..April 2, 1743 Dr. Thomas Walker, of the council of Virginia, crosses and names the Cumberland Mountains......1747 Harper's Ferry, named after Robert Harper, an English millwright, who obtains a grant of it from Lord Fairfax......1748 Thomas Lee, of the council, proposes to form the Ohio Company, consisting of himself and twelve others, among them Lawrence and Augustine Washington......1748 They obtain a grant of 600,000 acres west of the mountains and south of the Ohio River betweees to England......August, 1749 Christopher Gist is sent to explore the Ohio country as far as the falls of the Ohio by the Ohio Company......1750-51 John Robinson, president of the council, acting governor, dying, is succeeded first by Thomas Lee, then by Lewis Burwell......1750-51 Robert Dinwiddie appointed lieutenantgovernor, and arrives in Virginia early in......1752 By treaty the western Indians at Logstown, a trading-post about 17 miles northwest from Pittsburg, agree not to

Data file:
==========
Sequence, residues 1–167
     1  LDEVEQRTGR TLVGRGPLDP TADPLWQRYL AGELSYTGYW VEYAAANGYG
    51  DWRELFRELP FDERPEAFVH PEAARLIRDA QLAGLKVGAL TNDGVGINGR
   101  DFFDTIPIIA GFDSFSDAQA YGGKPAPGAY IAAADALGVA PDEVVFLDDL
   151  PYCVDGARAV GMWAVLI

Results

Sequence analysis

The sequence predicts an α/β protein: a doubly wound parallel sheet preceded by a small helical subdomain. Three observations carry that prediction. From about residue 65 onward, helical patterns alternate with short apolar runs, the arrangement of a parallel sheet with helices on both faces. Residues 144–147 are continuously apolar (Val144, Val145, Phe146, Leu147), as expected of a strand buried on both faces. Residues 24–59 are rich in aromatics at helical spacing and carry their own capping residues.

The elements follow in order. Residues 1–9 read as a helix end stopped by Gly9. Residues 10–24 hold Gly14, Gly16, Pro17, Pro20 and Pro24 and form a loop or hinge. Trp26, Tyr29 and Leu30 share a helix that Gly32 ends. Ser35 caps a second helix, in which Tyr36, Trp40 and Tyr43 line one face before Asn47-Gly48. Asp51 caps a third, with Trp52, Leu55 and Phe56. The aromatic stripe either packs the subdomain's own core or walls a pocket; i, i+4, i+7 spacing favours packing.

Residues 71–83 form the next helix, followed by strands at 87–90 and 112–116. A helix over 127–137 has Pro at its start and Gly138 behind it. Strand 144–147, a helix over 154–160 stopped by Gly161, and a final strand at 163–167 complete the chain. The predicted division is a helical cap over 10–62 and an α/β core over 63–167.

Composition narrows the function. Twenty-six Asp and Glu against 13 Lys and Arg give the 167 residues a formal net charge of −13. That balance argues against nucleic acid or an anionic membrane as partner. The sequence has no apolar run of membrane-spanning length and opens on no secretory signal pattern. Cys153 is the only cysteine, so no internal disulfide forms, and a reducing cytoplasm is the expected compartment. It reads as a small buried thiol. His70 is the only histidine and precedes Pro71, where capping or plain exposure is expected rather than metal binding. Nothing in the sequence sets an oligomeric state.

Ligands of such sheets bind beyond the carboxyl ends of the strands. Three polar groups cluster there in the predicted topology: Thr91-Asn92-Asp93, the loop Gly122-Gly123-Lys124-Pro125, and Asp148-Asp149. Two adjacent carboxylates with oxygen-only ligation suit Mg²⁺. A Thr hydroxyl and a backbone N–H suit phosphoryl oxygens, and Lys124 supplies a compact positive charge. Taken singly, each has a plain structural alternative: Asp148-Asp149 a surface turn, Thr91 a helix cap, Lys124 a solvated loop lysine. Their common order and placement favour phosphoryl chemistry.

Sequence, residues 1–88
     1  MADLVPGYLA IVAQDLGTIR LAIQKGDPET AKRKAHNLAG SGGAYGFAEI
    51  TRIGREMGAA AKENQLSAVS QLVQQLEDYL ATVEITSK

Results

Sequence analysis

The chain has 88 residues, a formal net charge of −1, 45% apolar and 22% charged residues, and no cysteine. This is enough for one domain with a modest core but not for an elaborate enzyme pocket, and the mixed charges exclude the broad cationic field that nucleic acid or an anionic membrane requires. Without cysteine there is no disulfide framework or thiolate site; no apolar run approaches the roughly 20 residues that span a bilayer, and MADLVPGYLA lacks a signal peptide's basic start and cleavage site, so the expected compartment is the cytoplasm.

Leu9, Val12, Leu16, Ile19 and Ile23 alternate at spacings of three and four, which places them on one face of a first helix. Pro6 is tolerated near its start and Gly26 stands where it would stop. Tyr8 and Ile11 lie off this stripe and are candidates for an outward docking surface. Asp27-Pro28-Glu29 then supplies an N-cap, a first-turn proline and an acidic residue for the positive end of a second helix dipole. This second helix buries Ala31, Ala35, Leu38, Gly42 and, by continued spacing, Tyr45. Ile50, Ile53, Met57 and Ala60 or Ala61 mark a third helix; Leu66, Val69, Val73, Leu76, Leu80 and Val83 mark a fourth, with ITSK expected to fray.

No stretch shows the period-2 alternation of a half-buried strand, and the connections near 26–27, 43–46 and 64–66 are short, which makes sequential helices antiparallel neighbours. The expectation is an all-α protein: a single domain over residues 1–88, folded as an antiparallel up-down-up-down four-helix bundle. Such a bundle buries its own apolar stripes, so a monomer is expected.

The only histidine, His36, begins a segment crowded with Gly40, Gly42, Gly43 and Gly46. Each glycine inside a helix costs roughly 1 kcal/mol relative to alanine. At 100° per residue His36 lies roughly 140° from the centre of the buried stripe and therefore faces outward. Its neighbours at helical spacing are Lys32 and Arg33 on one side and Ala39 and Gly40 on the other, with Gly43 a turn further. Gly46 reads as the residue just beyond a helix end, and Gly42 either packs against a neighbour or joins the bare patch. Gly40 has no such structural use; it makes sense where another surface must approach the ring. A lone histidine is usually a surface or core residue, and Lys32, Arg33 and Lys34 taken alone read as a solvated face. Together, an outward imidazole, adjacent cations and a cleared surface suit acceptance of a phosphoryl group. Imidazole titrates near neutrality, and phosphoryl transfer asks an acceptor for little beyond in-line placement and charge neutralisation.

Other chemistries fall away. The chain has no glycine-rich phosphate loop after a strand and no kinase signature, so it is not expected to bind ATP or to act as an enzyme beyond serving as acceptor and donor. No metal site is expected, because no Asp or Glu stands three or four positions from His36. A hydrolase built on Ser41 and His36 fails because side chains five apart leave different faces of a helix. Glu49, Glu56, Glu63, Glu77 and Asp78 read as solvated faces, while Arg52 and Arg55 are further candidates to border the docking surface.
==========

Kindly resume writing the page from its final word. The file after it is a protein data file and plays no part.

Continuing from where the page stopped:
Harper's Encyclopedia of United States History (ed. Benson Lossing), State of Virginia, (search)
ir William Berkeley1660 to 1661 Col. Francis Moryson1661 to 1668 Sir William Berkeley1663 to 1677 Sir Herbert Jeffreys1677 to 1678 Sir Henry Chicheley1678 to 1680 Lord Culpeper1680 to 1684 Lord Howard of Effingham1684 to 1688 Nathaniel Bacon1688 to 1690 Francis Nicholson1690 to 1692 Sir Edmund Andros1692 to 1698 Francis Nicholson1698 to 1705 Edward Nott1705 to 1706 Edmund Jennings1706 to 1710 Alexander Spotswood1710 to1722 Hugh Drysdale1722 to 1726 William Gouch1726 to 1749 Thomas Lee and1749 to 1752 Lewis Burwell.1749 to 1752 Robert Dinwiddie1752 to 1758 Francis Fauquier1758 to 1768 Lord Boutetourt1768 to 1770 William Nelson1770 to 1772 Lord Dunmore1772 to 1775 Provisional conventionfrom July 17, 1775, to June 12, 1776 Governors under the Continental Congress and the Constitution. Name.Term. Patrick Henry1776 to 1779 Thomas Jefferson1779 to 1781 Thomas Nelson1781 Benjamin Harrison1781 to 1784 Patrick Henry1784 to 1786 Edmund Randolph1786 to 1788 Bever